Sales of domestically-produced new motor vehicles declined in January to 12.8 million units (SAAR) as demand was worn out after a strong end to 2018. The last months of 2018 got a boost after Hurricanes Florence and Michael, and the wildfires in California created a need to replace destroyed vehicles.
Domestic passenger cars decelerated less (down to 4.071 million units in January after 4.040 million in December) than did light trucks (8.750 million after 9.493). January often compares less favorably to December because the sales month includes the New Years Day period when discounts and incentives draw in some buyers.
Sales of foreign built passenger cars rose a bit (1.166 million in January after 1.131 million in December), while foreign light trucks slowed (2.613 million after 2.828 million).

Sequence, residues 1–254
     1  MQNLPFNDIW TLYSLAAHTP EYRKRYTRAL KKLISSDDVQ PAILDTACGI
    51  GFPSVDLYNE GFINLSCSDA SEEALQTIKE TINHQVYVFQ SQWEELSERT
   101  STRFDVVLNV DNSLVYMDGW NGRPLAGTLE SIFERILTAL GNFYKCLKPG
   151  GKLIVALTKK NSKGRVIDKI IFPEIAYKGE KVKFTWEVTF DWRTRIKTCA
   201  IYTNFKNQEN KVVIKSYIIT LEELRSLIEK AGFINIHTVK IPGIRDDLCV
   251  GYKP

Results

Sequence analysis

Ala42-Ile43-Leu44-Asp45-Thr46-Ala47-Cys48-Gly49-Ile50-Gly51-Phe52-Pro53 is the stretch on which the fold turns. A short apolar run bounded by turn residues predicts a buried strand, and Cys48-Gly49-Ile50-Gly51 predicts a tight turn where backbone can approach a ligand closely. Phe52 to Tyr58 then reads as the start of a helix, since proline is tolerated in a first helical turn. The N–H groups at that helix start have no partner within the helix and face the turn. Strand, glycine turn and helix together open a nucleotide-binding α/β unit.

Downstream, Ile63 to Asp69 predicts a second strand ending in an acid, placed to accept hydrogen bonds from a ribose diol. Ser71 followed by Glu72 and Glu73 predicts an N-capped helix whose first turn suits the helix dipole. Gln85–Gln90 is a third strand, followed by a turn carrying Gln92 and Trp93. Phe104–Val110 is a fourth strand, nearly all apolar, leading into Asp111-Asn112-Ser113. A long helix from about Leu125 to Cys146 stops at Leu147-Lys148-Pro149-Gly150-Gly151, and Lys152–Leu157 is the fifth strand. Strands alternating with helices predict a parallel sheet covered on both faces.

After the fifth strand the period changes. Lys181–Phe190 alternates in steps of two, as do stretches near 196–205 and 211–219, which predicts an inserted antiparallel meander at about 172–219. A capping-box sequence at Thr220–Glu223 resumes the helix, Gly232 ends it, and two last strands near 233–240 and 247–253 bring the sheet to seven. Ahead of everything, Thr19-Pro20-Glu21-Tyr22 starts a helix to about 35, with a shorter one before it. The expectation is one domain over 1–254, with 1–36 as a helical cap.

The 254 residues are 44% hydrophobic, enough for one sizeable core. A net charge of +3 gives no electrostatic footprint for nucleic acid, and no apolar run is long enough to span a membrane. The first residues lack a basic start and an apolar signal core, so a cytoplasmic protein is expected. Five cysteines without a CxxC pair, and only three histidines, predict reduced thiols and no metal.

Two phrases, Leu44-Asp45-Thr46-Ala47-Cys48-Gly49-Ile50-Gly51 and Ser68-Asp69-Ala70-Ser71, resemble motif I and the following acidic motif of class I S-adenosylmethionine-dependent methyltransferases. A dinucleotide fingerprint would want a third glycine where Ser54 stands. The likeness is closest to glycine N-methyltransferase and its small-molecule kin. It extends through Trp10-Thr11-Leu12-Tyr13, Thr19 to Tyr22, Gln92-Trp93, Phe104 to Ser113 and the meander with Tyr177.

Overall, sales of the light truck category — minivans, SUVs, and crossovers — continue to outpace passenger cars by more than 2-to-1. Sales in this category also benefited from a rapid decline in gasoline prices that makes the lower mile-per-gallon vehicles less costly to operate and therefore a more attractive purchase.
The decline in auto sales will keep the overall dollar total of retail sales lower for January even allowing for seasonal adjustment at a time when motor vehicle purchasing naturally moves into the slow lane.
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